O.K. I needed abreak anyway.
To determine which type of flow exists calculate the following:
Flow rate of the fluid in GPM - Q
Specific gravity of the fluid - G
Pipe inside diameter in inches - D
Fluid viscocity in centepoise - V
Use the following equation to determine the REYNOLDS NUMBER:
REYNOLDS NUMBER = RE = [3160 x Q x G] / [D x V]
Flow conditions with a Reynolds Number greater than 4000 is fully developed turbulent flow. A Reynolds Number less
than 2000 is laminar flow. It requires a Reynolds number greater than 4000 to maintain accuracy.
So we set up the equation to find a flow rate (Q) for a given tube to maintain turbulent flow.
We will assume our numbers are for water. Wort will be very close to this and if anything would trend to nmore turbulent flow.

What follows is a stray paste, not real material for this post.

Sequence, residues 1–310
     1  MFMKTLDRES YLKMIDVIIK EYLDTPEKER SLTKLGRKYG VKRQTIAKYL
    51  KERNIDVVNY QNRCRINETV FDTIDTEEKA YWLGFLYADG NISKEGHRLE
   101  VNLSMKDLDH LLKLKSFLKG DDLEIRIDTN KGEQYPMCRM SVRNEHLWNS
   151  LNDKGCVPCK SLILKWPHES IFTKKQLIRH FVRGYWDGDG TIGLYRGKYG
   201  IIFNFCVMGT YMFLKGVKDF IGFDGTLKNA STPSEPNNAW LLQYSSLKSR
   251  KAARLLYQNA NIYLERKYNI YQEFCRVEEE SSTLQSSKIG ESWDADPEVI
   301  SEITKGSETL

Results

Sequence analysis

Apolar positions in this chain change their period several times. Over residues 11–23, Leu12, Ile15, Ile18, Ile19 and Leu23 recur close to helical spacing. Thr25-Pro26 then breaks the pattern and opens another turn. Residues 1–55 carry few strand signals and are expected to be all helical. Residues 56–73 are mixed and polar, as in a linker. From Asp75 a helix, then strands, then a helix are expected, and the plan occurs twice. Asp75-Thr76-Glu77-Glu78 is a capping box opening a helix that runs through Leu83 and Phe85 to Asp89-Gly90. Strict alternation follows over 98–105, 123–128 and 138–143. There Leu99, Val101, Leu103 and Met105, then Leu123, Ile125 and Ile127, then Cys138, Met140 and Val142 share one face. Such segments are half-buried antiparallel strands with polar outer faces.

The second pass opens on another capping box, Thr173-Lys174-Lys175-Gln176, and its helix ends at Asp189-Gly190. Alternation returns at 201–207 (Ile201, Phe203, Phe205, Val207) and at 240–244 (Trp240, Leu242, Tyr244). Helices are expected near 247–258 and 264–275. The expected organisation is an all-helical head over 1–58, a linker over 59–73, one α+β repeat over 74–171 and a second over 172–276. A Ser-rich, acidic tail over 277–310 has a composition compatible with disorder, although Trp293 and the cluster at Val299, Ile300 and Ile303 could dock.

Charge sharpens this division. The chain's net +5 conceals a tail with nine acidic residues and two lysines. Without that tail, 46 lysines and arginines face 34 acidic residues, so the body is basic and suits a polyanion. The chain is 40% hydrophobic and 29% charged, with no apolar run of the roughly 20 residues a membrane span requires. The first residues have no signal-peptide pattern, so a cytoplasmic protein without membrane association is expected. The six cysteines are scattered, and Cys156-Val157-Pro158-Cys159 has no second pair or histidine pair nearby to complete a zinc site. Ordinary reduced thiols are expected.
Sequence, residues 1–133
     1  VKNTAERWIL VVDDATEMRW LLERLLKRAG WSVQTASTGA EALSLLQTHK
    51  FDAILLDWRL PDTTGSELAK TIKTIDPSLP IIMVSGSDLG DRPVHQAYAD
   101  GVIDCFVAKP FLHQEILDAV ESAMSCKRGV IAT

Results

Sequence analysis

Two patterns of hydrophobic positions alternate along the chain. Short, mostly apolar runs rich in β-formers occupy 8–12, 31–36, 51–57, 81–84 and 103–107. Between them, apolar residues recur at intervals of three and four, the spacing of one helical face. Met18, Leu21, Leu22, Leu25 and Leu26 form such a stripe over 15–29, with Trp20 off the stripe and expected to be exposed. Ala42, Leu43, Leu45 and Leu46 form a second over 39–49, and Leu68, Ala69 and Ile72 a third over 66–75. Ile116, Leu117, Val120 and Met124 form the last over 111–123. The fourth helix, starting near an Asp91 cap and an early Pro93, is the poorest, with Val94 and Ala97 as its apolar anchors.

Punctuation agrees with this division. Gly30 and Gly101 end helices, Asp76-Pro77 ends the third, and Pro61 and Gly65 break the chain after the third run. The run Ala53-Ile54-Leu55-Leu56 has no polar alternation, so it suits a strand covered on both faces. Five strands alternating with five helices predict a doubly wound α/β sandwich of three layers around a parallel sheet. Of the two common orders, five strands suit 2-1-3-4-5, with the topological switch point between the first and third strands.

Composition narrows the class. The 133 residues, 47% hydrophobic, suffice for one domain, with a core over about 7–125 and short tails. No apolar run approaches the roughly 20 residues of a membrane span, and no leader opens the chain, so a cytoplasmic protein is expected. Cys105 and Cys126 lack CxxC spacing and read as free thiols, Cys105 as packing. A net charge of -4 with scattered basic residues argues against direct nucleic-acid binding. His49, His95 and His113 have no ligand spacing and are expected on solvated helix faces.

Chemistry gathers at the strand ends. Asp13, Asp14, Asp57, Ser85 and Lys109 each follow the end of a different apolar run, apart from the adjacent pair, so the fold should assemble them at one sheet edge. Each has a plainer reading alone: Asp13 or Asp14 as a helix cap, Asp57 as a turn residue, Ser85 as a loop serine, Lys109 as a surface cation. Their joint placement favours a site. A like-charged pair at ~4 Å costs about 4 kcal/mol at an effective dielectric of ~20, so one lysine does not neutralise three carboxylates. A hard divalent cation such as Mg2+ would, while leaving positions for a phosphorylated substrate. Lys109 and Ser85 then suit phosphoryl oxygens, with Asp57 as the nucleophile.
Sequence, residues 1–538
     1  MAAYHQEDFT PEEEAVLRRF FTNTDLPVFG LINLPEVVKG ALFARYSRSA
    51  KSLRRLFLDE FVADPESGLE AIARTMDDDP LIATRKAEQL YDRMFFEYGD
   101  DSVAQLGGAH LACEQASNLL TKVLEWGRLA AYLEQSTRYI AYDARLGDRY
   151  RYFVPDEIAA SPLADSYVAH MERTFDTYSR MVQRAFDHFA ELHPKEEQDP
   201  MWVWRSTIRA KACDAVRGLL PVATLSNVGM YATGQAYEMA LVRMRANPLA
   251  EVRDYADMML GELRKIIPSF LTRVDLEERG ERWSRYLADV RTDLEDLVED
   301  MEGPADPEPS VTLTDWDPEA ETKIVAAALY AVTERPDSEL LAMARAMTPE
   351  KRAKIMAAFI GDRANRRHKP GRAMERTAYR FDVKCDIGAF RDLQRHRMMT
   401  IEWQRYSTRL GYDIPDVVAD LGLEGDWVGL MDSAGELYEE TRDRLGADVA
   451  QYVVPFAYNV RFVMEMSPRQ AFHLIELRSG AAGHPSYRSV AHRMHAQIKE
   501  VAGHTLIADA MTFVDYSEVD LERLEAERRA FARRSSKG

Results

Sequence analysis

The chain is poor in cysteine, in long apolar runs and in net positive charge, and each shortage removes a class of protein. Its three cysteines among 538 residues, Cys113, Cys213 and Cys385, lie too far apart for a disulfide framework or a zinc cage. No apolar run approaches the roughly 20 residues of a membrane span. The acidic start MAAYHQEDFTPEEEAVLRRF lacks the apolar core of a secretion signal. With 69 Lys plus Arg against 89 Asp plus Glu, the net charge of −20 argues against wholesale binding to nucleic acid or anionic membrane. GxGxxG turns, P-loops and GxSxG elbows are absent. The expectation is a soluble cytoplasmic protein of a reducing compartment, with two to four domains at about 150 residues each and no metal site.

G = 1 g/cm3
V = 1.0020 cP
RE = 4000
D = desired tubing
Q (gpm) = [4000 x D x V] / [3160 x G] = [4000 x D x 1.0020] / [3160 x 1]
Q (gpm) = [4008 x G] / 3160
so... for a 1/2" diameter tube
Q (gpm) = [4008 x 1/2] / 3160 = 0.634 gpm
This means in order to maintain a turbulent flow in a perferctly straight pipe with a 1/2" diamter, the water must be flowing at .634 gallons per minute. Add the turns we have in our chillers and that number drops significantly.
for 5/8" tubing Q = 0.793 gpm.
Basically, we always have turbulent flow so extra baffles are just a waste and are slowing down fluid flow.
:EDIT: I posted this up in my blog for easy reference. http://blogs.homebrewtalk.com/Boerde...in_my_chiller/